light work. (Id., at 24.) In making this determination, the ALJ found that some of Plaintiffs
statements about the intensity, persistence, and limiting effects of her symptoms were not credible
in light of other medical evidence and contradictory testimony by the Plaintiff. (Id.) The ALJ also
found that the opinion of Plaintiffs treating physician, Dr. Iqbal, was neither credible nor
supported by the record, but gave greater weight to the findings and opinions of one other physician
and "somewhat less weight" to those of a third physician. (Id., at 24-25.) Finally, the ALJ
concluded that Plaintiff can perform jobs that exist in significant numbers in the national economy,
and therefore she is not disabled. (Id., at 25.)
Magistrate Judge Francis properly found that substantial evidence supported the ALJ's
determination that Plaintiff is not disabled. At step three, the ALJ determined, based on his
examination of Plaintiffs medical records, that none of Plaintiffs impairments met or equaled the
severity of a listed impairment. (Id., at 26.) For example, while Plaintiffs medical records
confirmed spinal problems, an MRI and x-ray from February 2012 showed only mild degenerative
conditions, and her physicians recommended relatively conservative treatment.
(Id., at 27.)
Moreover, x-rays relating to Plaintiffs hand, foot, and knee pain were all negative, and the record
suggests she has only mild asthma. (Id., at 28.) The Report also cites supporting evidence from
Dr. Schreiber, Dr. Iqbal, and Dr. Hochberg relating to Plaintiffs mental condition. (Id.) Finally,
Magistrate Judge Francis properly found that the ALJ considered the correct factors in determining
not to give Dr. Iqbal's opinion controlling weight, and the ALJ provided "good reasons" for his
determination. (Id., at 29-30.)
ADDITIONAL MEDICAL EVIDENCE
A Social Security claimant may submit new evidence to the Appeals Council following an
adverse ALJ disability determination without any showing of good cause.
20 C.F.R. §
416.14 70(b ). Under SSA regulations, the Appeals Council "shall" consider new and material
evidence that relates to the period on or before the date of the ALJ hearing decision. 20 C.F.R. §
404.970(b). An appellant must show that the proffered evidence is (1) "'new' and not merely
cumulative of what is already in the record," and that it is (2) "material, that is, both relevant to
the claimant's condition during the time period for which benefits were denied and probative."
Lisa v. Secy ofHealth & Human Servs., 940 F.2d 40, 43 (2d Cir. 1991) (internal citations omitted).
"The concept of materiality requires, in addition, a reasonable possibility that the new evidence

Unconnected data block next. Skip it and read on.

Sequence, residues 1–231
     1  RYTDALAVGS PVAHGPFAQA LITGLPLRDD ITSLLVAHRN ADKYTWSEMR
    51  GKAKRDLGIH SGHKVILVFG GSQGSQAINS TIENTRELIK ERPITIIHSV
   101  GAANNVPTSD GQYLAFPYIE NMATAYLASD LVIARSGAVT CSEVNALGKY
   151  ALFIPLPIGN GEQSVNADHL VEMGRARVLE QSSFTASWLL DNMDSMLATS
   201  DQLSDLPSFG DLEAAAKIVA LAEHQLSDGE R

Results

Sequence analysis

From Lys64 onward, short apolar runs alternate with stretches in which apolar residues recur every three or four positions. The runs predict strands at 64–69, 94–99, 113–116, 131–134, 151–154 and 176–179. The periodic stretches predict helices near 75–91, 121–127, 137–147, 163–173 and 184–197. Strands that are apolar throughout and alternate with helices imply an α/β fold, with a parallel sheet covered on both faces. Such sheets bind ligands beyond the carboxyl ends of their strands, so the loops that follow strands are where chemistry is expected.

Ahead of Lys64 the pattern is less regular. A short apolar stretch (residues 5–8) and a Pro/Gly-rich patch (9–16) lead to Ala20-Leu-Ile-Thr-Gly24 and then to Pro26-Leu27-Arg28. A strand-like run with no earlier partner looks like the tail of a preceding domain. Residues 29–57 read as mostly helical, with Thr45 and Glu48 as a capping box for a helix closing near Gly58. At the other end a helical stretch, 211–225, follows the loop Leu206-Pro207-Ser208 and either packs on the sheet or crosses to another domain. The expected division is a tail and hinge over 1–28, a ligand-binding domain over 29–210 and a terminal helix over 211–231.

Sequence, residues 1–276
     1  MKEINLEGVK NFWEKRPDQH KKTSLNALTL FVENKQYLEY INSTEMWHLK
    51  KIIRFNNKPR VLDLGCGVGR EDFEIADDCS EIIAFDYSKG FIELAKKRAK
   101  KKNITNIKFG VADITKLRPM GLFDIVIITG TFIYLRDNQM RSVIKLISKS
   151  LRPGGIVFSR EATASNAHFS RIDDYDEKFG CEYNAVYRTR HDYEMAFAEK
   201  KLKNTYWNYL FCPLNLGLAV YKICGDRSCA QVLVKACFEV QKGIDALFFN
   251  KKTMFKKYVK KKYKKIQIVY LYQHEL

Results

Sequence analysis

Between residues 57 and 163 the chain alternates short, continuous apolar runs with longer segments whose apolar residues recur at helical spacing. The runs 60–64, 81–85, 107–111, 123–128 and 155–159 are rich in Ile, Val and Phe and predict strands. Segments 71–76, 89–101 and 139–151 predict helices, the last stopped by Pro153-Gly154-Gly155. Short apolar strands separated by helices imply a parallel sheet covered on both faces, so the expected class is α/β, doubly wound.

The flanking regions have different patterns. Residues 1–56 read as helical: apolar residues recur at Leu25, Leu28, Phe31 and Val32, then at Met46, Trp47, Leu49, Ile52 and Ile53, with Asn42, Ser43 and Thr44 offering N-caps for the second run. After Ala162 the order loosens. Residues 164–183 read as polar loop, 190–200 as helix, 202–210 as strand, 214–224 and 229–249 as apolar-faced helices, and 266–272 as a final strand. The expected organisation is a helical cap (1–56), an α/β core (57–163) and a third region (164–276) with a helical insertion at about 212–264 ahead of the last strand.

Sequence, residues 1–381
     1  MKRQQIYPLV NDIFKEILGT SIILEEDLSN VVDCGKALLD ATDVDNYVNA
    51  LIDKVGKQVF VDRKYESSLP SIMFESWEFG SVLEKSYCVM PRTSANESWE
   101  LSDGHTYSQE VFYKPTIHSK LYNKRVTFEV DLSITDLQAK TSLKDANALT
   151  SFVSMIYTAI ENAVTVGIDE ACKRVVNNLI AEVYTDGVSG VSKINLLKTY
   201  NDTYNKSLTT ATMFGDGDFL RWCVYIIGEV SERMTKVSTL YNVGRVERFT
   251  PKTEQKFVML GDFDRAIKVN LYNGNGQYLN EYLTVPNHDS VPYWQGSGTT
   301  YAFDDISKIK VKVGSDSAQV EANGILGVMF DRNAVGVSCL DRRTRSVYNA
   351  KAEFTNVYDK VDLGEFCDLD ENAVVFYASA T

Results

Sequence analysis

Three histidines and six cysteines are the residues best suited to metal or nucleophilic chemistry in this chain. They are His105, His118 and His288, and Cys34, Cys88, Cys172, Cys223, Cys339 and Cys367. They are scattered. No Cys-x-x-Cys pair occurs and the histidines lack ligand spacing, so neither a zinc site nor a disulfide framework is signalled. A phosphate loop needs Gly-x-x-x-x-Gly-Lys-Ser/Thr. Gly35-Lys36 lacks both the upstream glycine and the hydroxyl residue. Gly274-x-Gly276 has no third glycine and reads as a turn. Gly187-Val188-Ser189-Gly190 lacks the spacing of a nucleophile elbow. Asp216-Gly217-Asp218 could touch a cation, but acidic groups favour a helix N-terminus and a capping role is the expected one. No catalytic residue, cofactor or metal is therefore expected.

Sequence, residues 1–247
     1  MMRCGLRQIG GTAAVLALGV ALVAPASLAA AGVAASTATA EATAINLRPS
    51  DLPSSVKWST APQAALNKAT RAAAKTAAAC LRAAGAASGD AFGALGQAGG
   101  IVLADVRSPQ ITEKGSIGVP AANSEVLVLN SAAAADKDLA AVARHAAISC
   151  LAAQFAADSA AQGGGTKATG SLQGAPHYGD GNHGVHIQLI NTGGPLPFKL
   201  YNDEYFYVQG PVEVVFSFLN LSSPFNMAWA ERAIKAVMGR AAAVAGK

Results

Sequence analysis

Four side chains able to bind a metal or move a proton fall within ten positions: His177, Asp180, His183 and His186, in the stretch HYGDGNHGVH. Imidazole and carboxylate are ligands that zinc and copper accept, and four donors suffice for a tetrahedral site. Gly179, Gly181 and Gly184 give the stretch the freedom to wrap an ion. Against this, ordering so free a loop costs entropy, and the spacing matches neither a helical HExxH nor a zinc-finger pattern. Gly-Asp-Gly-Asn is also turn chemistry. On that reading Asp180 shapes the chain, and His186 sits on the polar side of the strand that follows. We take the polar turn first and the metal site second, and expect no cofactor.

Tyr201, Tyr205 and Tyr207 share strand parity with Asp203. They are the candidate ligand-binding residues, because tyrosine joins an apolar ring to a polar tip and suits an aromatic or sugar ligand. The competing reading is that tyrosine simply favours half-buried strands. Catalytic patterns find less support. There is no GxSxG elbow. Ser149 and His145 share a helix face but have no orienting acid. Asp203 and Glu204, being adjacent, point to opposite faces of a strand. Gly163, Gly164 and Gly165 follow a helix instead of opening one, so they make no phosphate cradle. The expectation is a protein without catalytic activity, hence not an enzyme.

would have influenced the [Commissioner] to decide claimant's application differently." Pollard
v. Halter, 377 F.3d 183, 193 (2d Cir. 2004) (citing Tirado v. Bowen, 842 F.2d 595, 597 (2d Cir.
1988)). Where the Appeals Council fails to consider such evidence, "the proper course for the
reviewing court is to remand the case for reconsideration in light of the new evidence." Shrack v.
Astrue, 608 F. Supp. 2d 297, 302 (D. Conn. 2009).
Magistrate Judge Francis properly found that the Appeals Council should have considered
the February and April 2014 medical records that Plaintiff provided after the ALJ's decision.
(Report, at 33-34.) 2 These new reports-which described a February 12, 2014 MRI of Plaintiff's
lumbar spine, and an April 23, 2014 x-ray of her knees-substantiated Plaintiff's claims regarding
the intensity, persistence, and limiting effects of her claimed disability, and supplied evidence that
the ALJ had found lacking in the record. (Report, at 33.) As such, Judge Francis correctly found
that these records "might reasonably influence" the ALJ's disability determination. (Id., at 33-34.)
See, e.g., Pollard, 377 F .3d at 193 (finding that new evidence was material where the records
directly supported many of plaintiff's earlier contentions); Williams v. Comm 'r of Soc. Sec., 236
F. App'x 641, 644 (2d Cir. 2007) (finding that new evidence was material because it countered the
ALJ' s finding of insufficient evidence to support plaintiff's allegations of incapacitating pain).
Moreover, the Appeals Council should not have rejected the two medical reports on the
ground that they were "new information about a later time" that did not refer explicitly to the
relevant time period. (Report, at 18.) Courts in this Circuit have consistently held that the
Commissioner should consider new, material evidence that sheds light on the claimant's condition
prior to the ALJ determination-even if the evidence post-dates that determination. See Pollard,
377 F.3d at 193-94 (holding that new evidence was relevant to the time period for which benefits
were denied even though the documents were generated after the ALJ decision); Lisa, 940 F.2d at
44 (finding that a diagnosis that emerged after the close of administrative proceedings was material
because it shed considerable new light on the seriousness of claimant's condition); Williams, 236
The Commissioner asserts that the Appeals Council did not err in declining to consider evidence postdating the ALJ decision. First, the Commissioner argues that the February and April 2014 medical reports
do not clearly relate to the relevant period of disability (i.e., the period on or before the date of the ALJ
decision). (Comm'r Mem. of Law, (ECF No. 20), at 2-3 .) Second, the Commissioner argues that the reports
are not probative because the ALJ determination already assumed Plaintiff had severe impairments in her
back and knees, and her RFC accounted for those limitations by limiting Plaintiff to light work. (Id. at 34.)
F. App'x at 644 (remanding case for consideration of medical report that post-dated the period for
which benefits had been claimed); Melvin v. Barnhart, 02 Civ. 4527, 2004 WL 2591948, at *6-7
(S.D.N.Y. Nov. 8, 2004) (finding that report that post-dated ALJ decision by two years was new
material evidence). In this case, the two new reports were issued within months of the ALJ
decision and indicated that Plaintiffs condition was more severe than the ALJ originally assessed.
Thus, Magistrate Judge Francis properly concluded that the new evidence was material and should
be considered by the Commissioner on remand.
Magistrate Judge Francis's Report and Recommendation is adopted. The Defendant's
motion for judgment on the pleadings is DENIED. The Plaintiffs cross-motion for judgment on
the pleadings is GRANTED. The case is REMANDED to the Commissioner to consider new,
The Clerk of Court is directed to close the motions at ECF Nos. 13 and 18.
Dated: New York, New York
October 13, 2016